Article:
Monday, August 31, 2009

Cultural Sensitivity: Where do you draw the line?

So, I got off the plane on Sunday evening, and after dealing with a baggage fiasco all of Sunday night and Monday morning, I started up teaching again on Tuesday at 7:30 sharp.

Its both good and bad to be back in the classroom. What I like about teaching is that its social. I get to interact with the youth in the community. I also like the fact that its structured. Theres a set time that people actually abide by (im talking about class time, meetings are another story), so it makes life a lot easier. Now that its been 4 months, i feel like Im getting to know my students as people.

Since I focused on grammar for the first quarter I taught, I planned this quarter around literature. I assigned E.B. White's Charlottes Web and John Steinbeck's The Pearl . I feel that reading a language is a fun and useful way to learn it, but Im dissapointed to see that most of the students dont seem very interested in literature. (I also think I may have made a mistake with Charlotte's Web, there are a lot of expressions in it, and the vocab is above the students level, even though there are pictures included). The students in one of my classes asked me if I was going to teach them "business English". I told them I hadnt planned on it, but if it was very important to them, I would consider it. I'm sencing this echoed sentiment that business and making money are all thats important, and everything else in life, especially the arts and social sciences, are a waste of time. Its such a fallacy and it drives me nuts how many people buy into that crap. I dont know how to open peoples minds to other possibilities, other professions besides banking and administration. Ok, Im done with that rant.

So, the reason for my title. On Friday, while I was teaching a lesson to Senior 4, the principal walked into the classroom with a pair of scissors. He didnt say a word to me as he walked in, just out of nowhere started walking around the room and cutting the students's hair. I was horrified. For one thing, he wasnt sitting down and giving them "haircuts". He was nipping little bald spots into the students hair, both male and female, who were struggling to get away from him. He was most agressive with the students who resisted the most. When they leaned away from him he made it a point to cut bigger bald spots in their hair. I was honestly a little shocked and didnt know what to do; I mean, Im a white female foreigner who is younger and obviously of lower status to a school principal. I finally got up the nerve to approach him and asked him if it was really necessary to waste class time with this, and he told me yes. He continued throughout the classroom, and ushered half of the students out so that they could be given full haircuts. It was very difficult to get back to the lesson after all that drama. Neither I nor the students were really up for it, but I did my best. The students who were taken out did come back in, with their hair shorter but also uneven, i mean, paper scissors arent really made to cut hair. It was also a huge distraction when the students came back in, trying to cover their heads while the other students examined them.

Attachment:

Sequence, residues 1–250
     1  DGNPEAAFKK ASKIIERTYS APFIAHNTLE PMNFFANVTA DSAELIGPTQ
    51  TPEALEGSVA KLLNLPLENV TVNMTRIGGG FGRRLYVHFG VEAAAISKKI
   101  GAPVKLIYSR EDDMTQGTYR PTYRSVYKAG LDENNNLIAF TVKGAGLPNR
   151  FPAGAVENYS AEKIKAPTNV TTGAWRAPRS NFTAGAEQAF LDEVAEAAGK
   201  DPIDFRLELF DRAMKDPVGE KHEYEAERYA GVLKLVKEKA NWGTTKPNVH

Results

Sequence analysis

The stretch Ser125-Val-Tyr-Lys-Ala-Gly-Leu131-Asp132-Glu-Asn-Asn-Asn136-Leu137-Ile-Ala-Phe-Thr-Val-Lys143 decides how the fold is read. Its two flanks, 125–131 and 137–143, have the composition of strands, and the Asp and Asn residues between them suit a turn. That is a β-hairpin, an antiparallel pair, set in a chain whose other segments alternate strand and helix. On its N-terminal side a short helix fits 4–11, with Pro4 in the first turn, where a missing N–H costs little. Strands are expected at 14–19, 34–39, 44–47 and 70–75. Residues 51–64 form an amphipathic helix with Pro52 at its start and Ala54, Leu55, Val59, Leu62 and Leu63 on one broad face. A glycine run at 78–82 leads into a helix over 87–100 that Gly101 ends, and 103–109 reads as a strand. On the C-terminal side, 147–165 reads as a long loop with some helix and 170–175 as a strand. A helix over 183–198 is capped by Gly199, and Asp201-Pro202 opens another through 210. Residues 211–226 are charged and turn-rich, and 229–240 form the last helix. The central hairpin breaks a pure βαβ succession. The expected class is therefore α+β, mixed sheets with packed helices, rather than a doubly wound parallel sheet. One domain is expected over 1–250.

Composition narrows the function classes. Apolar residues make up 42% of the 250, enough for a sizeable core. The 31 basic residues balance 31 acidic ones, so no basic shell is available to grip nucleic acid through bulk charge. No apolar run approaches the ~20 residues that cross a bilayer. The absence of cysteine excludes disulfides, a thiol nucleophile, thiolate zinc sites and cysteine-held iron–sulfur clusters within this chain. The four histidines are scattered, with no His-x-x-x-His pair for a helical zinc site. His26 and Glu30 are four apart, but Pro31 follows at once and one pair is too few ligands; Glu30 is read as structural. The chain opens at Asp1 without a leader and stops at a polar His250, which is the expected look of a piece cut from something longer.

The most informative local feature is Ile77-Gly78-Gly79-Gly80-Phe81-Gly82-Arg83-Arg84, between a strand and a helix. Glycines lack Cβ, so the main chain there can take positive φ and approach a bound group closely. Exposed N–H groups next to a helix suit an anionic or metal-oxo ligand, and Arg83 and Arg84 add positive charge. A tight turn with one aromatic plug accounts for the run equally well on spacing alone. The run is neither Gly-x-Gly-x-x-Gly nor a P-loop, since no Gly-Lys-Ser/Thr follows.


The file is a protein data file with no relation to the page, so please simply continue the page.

I know I am supposed to be culturally sensitive. I know that there is a rule about hair length in schools in Rwanda (and Kenya, Uganda...) and I had even heard about teachers at other schools cutting students hair. My principal is not a bad person. He works hard and I know he cares. But where do you draw the line? Maybe Im being dramatic, but I really am disgusted with how this went down. Especially due to the fact that these students arent really kids. Some of them are in their early twenties, some are even older than me. What right does one adult have over another adult to do something like this? I also feel a little guilty because I have long hair, and although I tie it back, theres no way im cutting it short like the students and as a teacher, I know I dont have to. I didnt approach the principal to discuss how I felt, because if my previous experience with students cutting grass has taught me anything, its that there is already a system in place, and my Western thoughts or feelings about it conflict with that system. Expressing my thoughts doesnt do much to change a longstanding tradition. I still feel like there could be some middle ground, like giving the students a strict warning that they cannot go to class with their hair long, or have a rule that they must tie it up/ have it covered. I just dont know. Im open to any thoughts, advice, or suggestions my readers have on this. Amahoro (peace)